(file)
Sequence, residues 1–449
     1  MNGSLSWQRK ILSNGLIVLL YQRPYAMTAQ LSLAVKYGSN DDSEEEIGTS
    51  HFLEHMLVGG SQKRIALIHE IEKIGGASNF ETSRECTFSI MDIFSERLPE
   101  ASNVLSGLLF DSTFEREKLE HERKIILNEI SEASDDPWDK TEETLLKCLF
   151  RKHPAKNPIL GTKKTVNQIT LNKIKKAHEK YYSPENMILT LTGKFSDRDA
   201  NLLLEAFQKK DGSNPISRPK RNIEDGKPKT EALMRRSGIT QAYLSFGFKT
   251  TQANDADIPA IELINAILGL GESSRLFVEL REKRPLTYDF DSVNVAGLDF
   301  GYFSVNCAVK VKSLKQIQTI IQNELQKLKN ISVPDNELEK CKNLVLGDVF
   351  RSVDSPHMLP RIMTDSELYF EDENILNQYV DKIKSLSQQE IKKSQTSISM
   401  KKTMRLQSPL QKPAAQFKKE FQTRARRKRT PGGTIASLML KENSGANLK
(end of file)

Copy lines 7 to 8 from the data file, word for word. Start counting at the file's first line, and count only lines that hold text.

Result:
   251  TQANDADIPA IELINAILGL GESSRLFVEL REKRPLTYDF DSVNVAGLDF
   301  GYFSVNCAVK VKSLKQIQTI IQNELQKLKN ISVPDNELEK CKNLVLGDVF